Because of its lowly role in the human body, we think about our bladders only when something is going wrong or when we have to go really, really badly.
So, November has been set aside as Bladder Health Awareness month. Here is a short review of bladder anatomy and function as well as common problems that can happen.
Your bladder is connected to your kidneys by two ureters. It is a hollow organ designed to store urine. It can hold between one and one-half and two cups of urine or around 400 ml to almost 500 ml. The inside of the bladder is lined with a layer of transitional epithelial cells. Wrinkles on this inner lining called rugae help your bladder to expand.
The tube through which the urine leaves the bladder is called the urethra. A woman’s urethra, is shorter than a man’s. Bacteria and other microbes have a much shorter distance to travel, making women more susceptible to urinary tract infections than men.
As the bladder fills, nerve signals are sent to the brain. Once it is full, those signals from the bladder are responded to by messages to the muscles of the urethra to relax and the muscles of the bladder to contract and squeeze. If all the signals are in the proper order, you have a normal urination…hopefully in the toilet. Although we don’t control our kidneys, we do have control over our bladders.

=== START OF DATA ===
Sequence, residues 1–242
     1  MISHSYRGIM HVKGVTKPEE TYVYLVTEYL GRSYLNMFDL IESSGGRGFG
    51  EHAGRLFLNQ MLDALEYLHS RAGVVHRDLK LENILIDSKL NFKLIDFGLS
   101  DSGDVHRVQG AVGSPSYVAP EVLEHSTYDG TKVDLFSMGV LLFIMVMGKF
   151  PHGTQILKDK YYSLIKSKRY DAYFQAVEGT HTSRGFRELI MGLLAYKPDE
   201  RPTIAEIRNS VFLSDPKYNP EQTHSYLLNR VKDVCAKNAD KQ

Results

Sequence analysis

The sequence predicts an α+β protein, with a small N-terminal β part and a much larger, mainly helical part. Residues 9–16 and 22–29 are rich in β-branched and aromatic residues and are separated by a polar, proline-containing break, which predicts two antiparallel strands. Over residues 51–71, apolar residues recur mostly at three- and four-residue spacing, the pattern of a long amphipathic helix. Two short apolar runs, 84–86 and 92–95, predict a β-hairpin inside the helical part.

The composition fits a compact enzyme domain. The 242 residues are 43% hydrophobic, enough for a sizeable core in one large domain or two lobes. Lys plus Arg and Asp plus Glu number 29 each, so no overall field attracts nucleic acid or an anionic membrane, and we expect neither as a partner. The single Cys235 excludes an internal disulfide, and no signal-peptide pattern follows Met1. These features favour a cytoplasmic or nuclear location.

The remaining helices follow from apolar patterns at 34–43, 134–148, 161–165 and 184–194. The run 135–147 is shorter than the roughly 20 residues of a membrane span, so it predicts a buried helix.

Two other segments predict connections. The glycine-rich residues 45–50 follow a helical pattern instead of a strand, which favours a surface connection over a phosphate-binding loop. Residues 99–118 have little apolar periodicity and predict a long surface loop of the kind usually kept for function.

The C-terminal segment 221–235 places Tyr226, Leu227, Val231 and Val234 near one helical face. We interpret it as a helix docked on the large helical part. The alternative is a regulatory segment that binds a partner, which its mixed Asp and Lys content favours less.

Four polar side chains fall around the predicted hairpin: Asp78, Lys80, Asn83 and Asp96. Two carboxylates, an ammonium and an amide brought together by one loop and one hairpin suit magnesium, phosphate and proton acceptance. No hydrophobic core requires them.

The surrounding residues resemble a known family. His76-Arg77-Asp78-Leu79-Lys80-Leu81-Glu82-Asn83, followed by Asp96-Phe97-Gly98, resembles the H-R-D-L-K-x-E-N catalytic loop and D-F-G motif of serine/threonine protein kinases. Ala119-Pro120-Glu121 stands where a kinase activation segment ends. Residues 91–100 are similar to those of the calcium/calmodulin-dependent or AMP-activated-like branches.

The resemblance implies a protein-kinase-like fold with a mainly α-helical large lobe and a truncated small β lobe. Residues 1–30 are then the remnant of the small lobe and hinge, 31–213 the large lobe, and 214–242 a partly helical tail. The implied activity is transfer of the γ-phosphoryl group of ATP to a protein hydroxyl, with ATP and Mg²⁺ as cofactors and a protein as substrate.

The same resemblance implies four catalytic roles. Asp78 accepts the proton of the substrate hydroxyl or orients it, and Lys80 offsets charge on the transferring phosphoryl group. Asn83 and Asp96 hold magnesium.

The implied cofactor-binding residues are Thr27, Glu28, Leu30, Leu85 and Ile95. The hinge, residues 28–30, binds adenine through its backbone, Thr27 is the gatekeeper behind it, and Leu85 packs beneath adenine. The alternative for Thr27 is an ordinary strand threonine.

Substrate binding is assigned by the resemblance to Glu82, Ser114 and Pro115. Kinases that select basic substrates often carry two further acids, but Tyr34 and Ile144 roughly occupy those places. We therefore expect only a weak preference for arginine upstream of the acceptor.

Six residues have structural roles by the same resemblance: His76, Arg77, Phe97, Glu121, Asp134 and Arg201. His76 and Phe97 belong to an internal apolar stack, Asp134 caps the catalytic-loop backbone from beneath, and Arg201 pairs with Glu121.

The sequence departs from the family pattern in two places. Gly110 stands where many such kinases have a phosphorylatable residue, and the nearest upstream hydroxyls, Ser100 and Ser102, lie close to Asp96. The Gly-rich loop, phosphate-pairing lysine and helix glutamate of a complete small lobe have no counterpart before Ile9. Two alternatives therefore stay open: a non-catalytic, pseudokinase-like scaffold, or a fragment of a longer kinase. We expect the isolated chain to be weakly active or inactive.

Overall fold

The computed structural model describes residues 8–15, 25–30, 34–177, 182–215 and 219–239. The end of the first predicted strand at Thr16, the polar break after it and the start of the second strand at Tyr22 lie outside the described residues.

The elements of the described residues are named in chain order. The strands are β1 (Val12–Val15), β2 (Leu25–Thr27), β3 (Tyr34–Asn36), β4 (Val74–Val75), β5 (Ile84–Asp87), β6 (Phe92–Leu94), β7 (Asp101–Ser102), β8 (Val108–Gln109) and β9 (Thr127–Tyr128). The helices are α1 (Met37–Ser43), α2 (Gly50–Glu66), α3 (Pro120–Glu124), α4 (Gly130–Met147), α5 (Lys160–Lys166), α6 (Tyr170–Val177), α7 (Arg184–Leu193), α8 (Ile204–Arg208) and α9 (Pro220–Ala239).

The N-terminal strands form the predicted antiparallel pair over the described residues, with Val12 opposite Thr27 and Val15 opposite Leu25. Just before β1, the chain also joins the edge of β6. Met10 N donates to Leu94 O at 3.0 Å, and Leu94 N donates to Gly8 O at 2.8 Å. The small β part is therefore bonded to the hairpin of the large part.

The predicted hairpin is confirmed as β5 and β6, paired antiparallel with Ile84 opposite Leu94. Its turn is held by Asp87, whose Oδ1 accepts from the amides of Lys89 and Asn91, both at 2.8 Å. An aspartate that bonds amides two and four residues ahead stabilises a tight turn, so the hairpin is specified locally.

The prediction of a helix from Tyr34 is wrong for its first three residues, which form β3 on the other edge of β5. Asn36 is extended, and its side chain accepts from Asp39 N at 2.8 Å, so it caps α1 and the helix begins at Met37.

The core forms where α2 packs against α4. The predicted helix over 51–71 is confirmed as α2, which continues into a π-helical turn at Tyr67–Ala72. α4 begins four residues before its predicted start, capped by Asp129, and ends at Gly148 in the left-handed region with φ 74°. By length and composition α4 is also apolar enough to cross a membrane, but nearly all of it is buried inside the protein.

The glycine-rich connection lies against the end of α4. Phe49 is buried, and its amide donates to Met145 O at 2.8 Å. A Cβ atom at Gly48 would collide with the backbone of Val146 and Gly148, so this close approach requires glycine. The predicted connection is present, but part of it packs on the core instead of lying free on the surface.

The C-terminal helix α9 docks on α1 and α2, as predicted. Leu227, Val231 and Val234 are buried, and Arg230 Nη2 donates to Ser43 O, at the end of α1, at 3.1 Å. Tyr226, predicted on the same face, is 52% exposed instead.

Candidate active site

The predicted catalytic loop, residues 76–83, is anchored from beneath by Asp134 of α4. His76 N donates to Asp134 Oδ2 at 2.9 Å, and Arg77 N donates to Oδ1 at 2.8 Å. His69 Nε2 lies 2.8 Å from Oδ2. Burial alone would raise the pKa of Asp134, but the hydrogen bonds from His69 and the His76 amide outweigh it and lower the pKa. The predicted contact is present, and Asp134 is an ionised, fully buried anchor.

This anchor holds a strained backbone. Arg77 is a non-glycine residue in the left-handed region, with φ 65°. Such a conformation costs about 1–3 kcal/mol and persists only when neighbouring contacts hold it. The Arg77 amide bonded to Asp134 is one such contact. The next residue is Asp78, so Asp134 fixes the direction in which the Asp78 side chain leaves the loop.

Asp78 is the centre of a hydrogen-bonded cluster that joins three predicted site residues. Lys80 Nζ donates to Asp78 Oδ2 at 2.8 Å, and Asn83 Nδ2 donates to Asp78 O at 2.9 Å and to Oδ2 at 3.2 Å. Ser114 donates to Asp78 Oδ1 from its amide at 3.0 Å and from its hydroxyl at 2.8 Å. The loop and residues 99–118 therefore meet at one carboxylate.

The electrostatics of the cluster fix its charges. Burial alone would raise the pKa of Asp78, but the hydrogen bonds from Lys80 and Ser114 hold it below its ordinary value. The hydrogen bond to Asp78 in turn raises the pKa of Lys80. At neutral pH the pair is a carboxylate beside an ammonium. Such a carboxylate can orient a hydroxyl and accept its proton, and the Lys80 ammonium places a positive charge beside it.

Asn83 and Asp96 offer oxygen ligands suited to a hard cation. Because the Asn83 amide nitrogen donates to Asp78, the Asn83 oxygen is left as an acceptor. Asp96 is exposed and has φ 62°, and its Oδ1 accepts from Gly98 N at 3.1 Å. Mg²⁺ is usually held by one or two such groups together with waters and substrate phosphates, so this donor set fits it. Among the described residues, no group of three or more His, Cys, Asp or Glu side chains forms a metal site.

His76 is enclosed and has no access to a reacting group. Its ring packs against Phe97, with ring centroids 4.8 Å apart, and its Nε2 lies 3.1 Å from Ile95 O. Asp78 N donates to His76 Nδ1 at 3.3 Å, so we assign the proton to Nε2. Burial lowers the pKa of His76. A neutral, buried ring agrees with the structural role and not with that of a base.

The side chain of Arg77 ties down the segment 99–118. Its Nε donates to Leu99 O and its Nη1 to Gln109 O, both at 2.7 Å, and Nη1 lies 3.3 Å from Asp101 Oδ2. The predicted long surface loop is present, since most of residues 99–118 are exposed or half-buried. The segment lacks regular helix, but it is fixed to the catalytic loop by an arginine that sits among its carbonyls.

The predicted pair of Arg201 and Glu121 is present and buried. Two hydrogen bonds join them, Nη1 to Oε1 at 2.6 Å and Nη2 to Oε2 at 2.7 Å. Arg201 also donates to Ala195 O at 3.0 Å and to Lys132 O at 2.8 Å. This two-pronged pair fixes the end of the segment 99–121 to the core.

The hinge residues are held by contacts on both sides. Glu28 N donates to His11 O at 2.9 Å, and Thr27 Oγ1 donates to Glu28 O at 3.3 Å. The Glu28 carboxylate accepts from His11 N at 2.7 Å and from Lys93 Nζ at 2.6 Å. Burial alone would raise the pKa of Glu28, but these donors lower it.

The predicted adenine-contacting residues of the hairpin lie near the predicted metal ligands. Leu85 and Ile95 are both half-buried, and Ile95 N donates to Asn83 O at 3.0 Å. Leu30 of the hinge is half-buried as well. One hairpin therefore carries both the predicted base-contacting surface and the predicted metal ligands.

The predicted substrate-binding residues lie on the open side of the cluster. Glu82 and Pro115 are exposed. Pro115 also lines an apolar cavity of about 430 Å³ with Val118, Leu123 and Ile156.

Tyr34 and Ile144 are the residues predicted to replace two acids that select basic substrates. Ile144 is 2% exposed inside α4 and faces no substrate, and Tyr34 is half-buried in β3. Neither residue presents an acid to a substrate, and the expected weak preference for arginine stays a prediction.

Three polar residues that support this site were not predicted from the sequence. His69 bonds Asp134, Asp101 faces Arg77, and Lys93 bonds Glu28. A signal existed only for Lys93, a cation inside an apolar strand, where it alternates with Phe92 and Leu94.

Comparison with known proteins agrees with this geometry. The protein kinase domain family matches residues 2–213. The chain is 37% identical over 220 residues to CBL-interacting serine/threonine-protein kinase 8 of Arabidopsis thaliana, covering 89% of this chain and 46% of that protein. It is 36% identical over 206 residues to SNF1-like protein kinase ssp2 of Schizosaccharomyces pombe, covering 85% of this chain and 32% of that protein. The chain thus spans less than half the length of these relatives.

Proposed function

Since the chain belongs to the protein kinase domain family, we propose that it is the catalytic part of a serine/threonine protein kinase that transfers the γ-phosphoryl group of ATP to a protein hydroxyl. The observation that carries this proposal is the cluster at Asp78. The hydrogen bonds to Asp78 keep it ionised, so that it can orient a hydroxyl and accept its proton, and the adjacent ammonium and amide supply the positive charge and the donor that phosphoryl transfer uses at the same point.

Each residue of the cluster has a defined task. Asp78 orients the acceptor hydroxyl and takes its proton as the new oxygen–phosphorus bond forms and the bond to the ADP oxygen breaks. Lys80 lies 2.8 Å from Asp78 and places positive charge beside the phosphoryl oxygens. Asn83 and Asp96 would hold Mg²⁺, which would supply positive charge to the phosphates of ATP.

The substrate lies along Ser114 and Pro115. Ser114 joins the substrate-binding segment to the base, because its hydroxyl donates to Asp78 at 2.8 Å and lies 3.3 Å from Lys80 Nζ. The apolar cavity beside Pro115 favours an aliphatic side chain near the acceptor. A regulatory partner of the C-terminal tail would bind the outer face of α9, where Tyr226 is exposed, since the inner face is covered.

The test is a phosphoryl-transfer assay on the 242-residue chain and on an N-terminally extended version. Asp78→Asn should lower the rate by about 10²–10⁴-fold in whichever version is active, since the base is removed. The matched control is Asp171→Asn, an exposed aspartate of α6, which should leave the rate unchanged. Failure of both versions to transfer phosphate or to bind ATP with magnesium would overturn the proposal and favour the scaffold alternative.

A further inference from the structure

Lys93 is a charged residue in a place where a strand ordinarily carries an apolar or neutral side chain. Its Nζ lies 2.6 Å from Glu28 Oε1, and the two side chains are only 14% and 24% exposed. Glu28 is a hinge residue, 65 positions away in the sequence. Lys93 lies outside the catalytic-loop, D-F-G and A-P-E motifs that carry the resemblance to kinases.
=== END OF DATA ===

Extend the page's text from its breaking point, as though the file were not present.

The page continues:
What happens when the signals go awry or muscles don’t respond at the right time? If urine is left in the bladder, infections can occur. If muscles in the pelvis (pelvic floor muscles) or sphincter muscles are weak, incontinence occurs.
Overactive bladder (OAB) and stress urinary incontinence are two common bladder problems. OAB refers to a group of symptoms where the urge to urinate occurs more frequently than the actual need. Increased day-time and night-time urgency are symptoms. Unfortunately, urine leaking is a part of OAB. According to the Urology Care Foundation, many more people have OAB than are treated for the condition. The embarrassment factor and myth that this condition is normal for older men and women means people who could be helped suffer unnecessarily.
Stress urinary incontinence is a different condition. Sneezing, coughing or laughing (stress) can bring about leakage. There are both non-surgical and surgical treatment options. One treatment, called Kegel exercises, can be performed daily to strengthen the pelvic floor muscles.
Bladder cancer often starts in the inner cell layers of the bladder. Bladder cancer is more common in men than in women. The primary symptom is blood in the urine that is not accompanied with pain on urination.